Podcast Review: This Land

Style: Documentary & True Crime

Average Episode Length: 40 min

Many folks will be celebrating Thanksgiving in the states this week so I thought it timely to recommend a podcast that will give you insight into the history of the dealings between Native Americans and the US Government. Spoiler alert: it’s not a pleasant one. Like so many, I grew up being fed a one-sided narrative of the origins of Thanksgiving. The whitewashed story was always told from the perspectives of white colonists who landed near Plymouth Rock in Massachusetts. This version paints a picture of a peaceful, friendly meeting of English settlers and the Indigenous people living in the area for three days of feasting. The honest truth is a lot more complicated than that, which is why I recommend that you take a listen to the podcast This Land.

This Land starts out like a typical true crime podcast... with a murder, but it quickly turns into so much more. In 1999, Patrick Murphy, a member of the Muscogee (Creek) Nation, killed a fellow tribe member, George Jacobs, and confessed the crime to Jacobs’s girlfriend. Murphy was arrested and tried for the killing, where he was sentenced to death. Soon after the trial, his attorney, a public defender named Lisa McCalmot, lodged an appeal. According to McCalmot, the killing took place on a Native American reservation, not in the state of Oklahoma, as the police and the State’s attorney argued. If McCalmot is right, Oklahoma would lack the required legal jurisdiction to try Murphy, much less sentence him to death. Although the podcast starts out with a murder, the Host Rebecca Nagle takes a detour off the typical “true crime” road and into a detailed history on the Creek Tribe, the reservation system, and the interactions between Native Americans and the US government more broadly.

Throughout season one of the podcast, Rebecca Nagle reports on the murder trial that led this case all the way to the Supreme Court. She discusses previous Supreme Court cases involving Native Americans and the brutal 1839 murder of two Cherokee leaders. I particularly like how this podcast takes its listener on a journey to show how the past impacts the present. There are some very clear lines drawn. Nagle also delves into the Trail of Tears, land allotment, and mistreatment of Native Americans by settlers and Presidents Andrew Jackson and Donald Trump. She takes us on a deep dive into topics old and more recent with great insight, offering a glimpse into the side of history our history books omitted.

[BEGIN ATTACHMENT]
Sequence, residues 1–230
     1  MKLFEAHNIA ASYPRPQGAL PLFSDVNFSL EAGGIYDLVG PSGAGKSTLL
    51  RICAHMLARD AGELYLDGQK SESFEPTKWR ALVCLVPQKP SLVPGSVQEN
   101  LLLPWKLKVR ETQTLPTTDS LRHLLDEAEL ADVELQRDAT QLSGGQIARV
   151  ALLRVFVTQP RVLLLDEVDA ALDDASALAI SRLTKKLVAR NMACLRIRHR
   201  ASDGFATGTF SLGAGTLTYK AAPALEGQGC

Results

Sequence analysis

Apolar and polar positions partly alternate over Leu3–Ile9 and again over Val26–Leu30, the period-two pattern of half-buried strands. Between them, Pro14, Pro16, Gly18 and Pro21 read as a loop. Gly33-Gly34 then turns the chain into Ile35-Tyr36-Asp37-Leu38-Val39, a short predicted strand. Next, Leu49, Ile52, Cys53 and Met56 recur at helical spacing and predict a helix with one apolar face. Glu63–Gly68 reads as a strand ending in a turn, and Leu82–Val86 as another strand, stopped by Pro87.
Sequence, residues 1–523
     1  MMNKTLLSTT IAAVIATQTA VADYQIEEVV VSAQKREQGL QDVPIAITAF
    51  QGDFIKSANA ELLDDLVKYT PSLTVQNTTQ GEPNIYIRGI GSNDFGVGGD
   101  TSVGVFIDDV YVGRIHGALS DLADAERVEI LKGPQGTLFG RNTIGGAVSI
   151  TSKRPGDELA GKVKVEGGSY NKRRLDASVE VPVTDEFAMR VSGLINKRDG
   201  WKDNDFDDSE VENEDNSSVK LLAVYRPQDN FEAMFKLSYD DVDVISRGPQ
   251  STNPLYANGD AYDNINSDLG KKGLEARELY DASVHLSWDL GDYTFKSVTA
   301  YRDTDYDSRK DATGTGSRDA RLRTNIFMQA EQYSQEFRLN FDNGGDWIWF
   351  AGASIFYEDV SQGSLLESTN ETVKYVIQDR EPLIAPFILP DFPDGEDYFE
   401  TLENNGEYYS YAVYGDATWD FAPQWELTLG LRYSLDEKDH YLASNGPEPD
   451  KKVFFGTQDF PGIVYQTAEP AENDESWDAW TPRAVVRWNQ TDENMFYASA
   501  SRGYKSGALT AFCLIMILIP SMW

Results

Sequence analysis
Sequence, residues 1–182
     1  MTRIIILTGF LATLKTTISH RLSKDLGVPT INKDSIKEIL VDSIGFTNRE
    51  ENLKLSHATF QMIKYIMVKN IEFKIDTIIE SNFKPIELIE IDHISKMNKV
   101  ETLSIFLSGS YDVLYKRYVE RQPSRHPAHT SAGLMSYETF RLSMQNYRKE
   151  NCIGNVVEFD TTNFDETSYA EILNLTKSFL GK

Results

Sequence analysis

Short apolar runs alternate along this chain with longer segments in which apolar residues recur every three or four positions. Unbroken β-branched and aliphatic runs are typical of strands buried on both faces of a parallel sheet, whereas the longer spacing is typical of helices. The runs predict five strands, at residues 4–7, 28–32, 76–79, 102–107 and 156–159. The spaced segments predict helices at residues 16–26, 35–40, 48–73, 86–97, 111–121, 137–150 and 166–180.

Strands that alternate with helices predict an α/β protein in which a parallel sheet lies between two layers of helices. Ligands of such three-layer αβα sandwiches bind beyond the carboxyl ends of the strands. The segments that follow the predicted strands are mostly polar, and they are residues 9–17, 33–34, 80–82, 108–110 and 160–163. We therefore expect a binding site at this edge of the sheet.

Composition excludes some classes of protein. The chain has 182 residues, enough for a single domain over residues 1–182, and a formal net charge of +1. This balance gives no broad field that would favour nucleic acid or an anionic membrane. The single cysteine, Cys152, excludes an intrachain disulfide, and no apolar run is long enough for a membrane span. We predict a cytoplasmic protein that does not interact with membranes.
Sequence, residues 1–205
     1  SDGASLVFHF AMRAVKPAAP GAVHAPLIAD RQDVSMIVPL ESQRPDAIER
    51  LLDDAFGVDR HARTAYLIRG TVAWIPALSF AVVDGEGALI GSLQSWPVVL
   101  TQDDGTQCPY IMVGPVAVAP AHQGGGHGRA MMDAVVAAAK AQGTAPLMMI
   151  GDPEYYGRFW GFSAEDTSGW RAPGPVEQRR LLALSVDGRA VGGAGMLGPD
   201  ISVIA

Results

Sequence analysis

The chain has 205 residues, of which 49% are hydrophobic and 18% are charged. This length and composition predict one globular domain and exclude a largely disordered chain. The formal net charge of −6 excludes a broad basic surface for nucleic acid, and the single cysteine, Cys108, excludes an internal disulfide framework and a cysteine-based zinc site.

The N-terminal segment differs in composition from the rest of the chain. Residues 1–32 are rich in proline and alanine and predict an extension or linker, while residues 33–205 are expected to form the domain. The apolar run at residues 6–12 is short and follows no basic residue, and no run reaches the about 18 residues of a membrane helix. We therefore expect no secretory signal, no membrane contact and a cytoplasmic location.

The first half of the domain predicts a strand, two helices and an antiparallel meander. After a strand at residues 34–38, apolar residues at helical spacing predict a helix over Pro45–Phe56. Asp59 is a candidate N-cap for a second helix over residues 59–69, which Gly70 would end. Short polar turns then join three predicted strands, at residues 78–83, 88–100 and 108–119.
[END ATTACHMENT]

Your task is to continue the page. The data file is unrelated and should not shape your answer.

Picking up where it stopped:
Every good podcast teaches you something while telling a good story. This podcast made me re-think my opinion that Ruth Bader-Ginsburg could do no wrong. Listen, I'm not denying that the women did incredible things for women’s rights and I’m indebted to her for the privileges I take for granted today. I’m not coming for RBG, but I also think her Supreme Court decisions (including authoring majority opinions) as they pertain to tribal law and Native American sovereignty put a blot on her legacy. Like I said, a good podcast teaches you things. This Land underscores the importance of the Supreme Court decision that the Murphy case is tied to (listen to the podcast to get the full scoop).

It’s important to recognize that for many Native Americans, Thanksgiving is a day of mourning and protest since it commemorates the arrival of settlers in North America and the centuries of oppression and genocide that followed after. This Land is well worth the listen not only for its legal analysis of the Murphy case, but Rebecca Nagle’s thorough and thoughtful exploration of Native American history, the atrocities they have endured, and their resilience in spite of all of it.

In addition to listening to the podcast, I also recommend reading 6 Things Every Non-Native Should Do on Thanksgiving.

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